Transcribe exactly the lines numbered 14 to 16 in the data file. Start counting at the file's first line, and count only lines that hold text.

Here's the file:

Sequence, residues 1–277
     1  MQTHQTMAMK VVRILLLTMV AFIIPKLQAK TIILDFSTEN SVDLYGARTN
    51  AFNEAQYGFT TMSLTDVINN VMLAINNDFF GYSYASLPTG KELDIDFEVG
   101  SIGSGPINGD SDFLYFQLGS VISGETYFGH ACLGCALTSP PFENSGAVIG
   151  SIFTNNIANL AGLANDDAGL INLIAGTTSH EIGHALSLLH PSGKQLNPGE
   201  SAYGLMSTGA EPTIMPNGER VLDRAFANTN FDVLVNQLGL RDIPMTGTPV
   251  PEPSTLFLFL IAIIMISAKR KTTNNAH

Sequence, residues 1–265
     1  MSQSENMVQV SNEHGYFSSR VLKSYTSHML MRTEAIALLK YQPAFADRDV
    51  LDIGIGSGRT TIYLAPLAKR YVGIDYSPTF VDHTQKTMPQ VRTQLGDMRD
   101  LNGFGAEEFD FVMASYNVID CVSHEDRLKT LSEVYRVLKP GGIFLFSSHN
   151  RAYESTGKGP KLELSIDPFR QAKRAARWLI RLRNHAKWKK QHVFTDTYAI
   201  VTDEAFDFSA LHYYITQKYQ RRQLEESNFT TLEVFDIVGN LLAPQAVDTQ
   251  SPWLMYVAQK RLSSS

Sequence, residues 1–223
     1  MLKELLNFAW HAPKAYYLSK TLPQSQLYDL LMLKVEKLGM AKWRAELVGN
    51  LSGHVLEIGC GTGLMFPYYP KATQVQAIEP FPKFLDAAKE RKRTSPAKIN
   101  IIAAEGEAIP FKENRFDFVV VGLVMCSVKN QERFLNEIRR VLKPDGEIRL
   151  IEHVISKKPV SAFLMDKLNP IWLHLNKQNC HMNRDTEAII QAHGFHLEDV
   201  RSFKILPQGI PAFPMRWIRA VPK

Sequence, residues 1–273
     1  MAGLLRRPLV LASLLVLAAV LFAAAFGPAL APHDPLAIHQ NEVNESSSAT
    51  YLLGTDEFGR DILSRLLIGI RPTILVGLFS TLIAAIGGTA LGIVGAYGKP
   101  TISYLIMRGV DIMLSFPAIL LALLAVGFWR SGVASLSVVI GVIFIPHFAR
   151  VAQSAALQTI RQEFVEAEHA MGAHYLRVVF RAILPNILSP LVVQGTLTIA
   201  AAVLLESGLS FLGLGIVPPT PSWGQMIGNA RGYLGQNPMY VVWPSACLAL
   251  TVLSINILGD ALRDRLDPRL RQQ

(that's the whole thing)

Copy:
   251  SPWLMYVAQK RLSSS

Sequence, residues 1–223
     1  MLKELLNFAW HAPKAYYLSK TLPQSQLYDL LMLKVEKLGM AKWRAELVGN